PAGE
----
Pregnancy and thromboembolism

Venous thromboembolism (VTE) in pregnancy is more common and more complex to diagnose in patients with pregnancy than those individuals are not.

Incidence of venous thromboembolism 0.76-1.72 per 1000 pregnancies, four times greater than in non pregnant populations (Heit).

Venous thromboembolism is a leading cause of nonobstetric cause of maternal death in the US.

VTE is responsible for more than 9% of the maternal deaths in the US.

VTE incidence during hospitalization for vaginal delivery has increased to almost 30 per hundred thousand deliveries.

VTE risk increases 4-6 fold during pregnancy and is highest in the immediate postpartum period.

Two-thirds of cases of deep vein thrombosis occurs in the antepartum period.

Venous thromboembolism is increaed in pregnancy due to physiologic and anatomic changes including: hypercoagulability, progesterone induced venous stasis, decreased venous outflow, compression of the inferior vena cava and pelvic veins by the enlarged uterus and decreased mobility.

Pregnancy associated with hypercoagulability due to increaed levels of factor I, VII.VIII and X and von Willebrand factor, with decreased free protein S, acquired resistance to activated protein C, and decreased fibrinolysis due to increased levels of plasminogen activator inhibitor-1 and-2.

Risk factors that increase the risk for VTE during pregnancy include: prior history of estrogen related or unprovoked VTE, being a carrier of inherited thrombophilia,, having anti-thrombin, protein C, protein S deficiencies in the presence of antiphospholipid antibodies, progesterone induced venous stasis, compression of the inferior vena cava and pelvic  wins  due to an enlarged uterus, decreased mobility.

Women with SLE, diabetes, sickle cell anemia, and heart disease have a higher risk for VTE during pregnancy.

Other risk factors predisposing to thrombosis include black etnicity, smoking abuse, operative procedures, conception after assisted reproductive techniques, high body mass index, antepartum immobilization, severe pre-eclampsia, advanced age and parity and a family history of VTE.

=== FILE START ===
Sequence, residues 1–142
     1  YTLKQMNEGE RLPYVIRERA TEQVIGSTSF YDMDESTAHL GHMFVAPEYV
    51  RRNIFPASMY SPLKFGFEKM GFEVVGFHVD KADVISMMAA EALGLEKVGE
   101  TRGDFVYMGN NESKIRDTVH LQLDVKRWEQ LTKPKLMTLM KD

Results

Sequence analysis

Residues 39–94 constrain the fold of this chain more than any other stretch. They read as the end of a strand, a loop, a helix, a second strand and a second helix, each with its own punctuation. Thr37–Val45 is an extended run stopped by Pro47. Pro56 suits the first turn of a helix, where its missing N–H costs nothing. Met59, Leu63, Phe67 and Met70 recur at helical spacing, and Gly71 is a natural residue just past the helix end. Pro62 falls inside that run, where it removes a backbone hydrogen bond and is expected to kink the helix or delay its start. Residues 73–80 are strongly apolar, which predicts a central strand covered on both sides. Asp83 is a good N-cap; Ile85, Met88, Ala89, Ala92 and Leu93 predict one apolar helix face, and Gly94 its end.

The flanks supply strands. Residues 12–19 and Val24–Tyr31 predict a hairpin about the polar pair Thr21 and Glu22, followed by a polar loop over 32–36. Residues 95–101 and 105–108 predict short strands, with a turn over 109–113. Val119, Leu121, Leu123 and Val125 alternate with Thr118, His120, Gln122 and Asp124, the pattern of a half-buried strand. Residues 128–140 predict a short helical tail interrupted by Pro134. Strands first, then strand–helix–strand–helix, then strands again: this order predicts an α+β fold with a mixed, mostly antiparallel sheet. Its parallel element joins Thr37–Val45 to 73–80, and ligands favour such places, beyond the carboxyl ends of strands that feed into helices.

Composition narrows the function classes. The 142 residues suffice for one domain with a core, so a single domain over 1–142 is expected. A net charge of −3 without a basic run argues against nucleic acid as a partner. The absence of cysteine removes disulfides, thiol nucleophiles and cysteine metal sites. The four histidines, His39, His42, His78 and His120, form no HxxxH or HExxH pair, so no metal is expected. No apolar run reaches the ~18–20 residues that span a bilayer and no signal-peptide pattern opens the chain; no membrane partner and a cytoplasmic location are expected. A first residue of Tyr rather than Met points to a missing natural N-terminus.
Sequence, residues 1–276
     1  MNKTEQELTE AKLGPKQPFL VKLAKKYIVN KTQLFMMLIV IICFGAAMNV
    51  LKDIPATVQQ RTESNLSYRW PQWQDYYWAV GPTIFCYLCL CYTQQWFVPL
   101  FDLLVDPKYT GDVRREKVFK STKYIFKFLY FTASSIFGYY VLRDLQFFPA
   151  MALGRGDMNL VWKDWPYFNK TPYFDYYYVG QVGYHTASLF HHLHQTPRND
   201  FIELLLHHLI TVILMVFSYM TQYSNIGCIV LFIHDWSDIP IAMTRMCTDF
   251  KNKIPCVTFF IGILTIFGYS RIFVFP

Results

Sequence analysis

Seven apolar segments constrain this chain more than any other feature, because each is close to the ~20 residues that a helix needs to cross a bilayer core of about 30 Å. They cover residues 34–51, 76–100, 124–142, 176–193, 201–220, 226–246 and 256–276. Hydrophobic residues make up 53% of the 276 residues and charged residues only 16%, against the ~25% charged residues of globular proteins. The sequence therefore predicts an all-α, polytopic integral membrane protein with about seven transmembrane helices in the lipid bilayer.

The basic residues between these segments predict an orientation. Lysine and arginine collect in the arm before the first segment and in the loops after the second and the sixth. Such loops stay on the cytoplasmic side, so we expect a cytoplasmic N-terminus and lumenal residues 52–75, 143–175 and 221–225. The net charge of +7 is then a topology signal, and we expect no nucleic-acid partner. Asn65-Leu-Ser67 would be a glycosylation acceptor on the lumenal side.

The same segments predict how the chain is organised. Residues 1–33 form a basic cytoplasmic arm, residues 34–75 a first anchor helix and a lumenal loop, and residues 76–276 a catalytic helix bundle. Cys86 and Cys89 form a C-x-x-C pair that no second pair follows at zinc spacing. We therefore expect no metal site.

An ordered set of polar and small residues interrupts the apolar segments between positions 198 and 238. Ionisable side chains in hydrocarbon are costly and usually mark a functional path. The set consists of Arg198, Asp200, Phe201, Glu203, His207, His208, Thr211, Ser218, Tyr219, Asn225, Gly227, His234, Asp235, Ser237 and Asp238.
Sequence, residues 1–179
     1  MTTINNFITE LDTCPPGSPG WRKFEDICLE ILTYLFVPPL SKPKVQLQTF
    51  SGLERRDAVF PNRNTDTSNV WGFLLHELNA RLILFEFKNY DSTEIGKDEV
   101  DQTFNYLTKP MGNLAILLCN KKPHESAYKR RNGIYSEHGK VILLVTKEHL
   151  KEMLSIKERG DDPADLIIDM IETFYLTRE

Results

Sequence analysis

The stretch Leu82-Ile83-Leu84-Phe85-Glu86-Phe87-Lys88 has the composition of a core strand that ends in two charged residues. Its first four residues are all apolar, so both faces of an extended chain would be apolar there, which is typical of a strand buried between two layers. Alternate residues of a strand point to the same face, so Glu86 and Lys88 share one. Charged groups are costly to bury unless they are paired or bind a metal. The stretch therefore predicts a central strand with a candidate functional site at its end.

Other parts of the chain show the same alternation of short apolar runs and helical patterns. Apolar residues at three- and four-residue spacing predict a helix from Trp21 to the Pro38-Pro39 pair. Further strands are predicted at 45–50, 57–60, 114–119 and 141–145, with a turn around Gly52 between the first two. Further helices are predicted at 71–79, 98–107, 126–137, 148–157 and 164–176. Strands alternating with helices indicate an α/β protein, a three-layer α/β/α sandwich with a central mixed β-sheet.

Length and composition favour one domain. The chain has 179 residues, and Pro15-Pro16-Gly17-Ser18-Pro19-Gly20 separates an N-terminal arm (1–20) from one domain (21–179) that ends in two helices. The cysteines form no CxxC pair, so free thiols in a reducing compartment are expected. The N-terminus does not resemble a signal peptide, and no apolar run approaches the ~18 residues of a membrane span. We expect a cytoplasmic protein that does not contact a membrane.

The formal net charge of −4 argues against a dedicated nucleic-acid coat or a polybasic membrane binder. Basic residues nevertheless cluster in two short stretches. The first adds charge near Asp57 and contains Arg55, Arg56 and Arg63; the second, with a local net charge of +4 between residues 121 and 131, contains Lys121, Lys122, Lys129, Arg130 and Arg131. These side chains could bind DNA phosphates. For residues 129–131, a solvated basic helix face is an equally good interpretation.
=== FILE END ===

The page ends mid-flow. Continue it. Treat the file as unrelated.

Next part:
Risk factors for thrombosis include: hospitalization, infection, hyperemesis, multiple pregnancies, preeclampsia, obesity, C-section, major postpartum hemorrhage, Intrauterine growth restriction, and fetal death.

The combination of more than one risk factors increases the risk for VTE in pregnancy.

Antepartum deep vein thrombosis occurs relatively equally in each of the trimesters of pregnancy.

Pulmonary embolism associated with pregnancy occurs in 43-60% of cases in the postpartum period (James).

An elevated risk of thrombosis persists until at least 12 weeks after delivery, and the absolute increase in risk beyond six weeks after delivery is, however, low (Kamel H et al).

As compared with the nonpregnant state the six weeks post partum period is associated with an increase of 3 to 9 times in the risk of stroke, 3 to 6 times the risk of myocardial infarction, and by a factor of 9-22 in the risk of venous thromboembolism.

The risk of VTE is greatest in the first 3 weeks postpartum among women with preeclampsia/eclampsia and in women who experience postpartum acute systemic infection in an evaluation of 168,077 women (Sultan AA et al).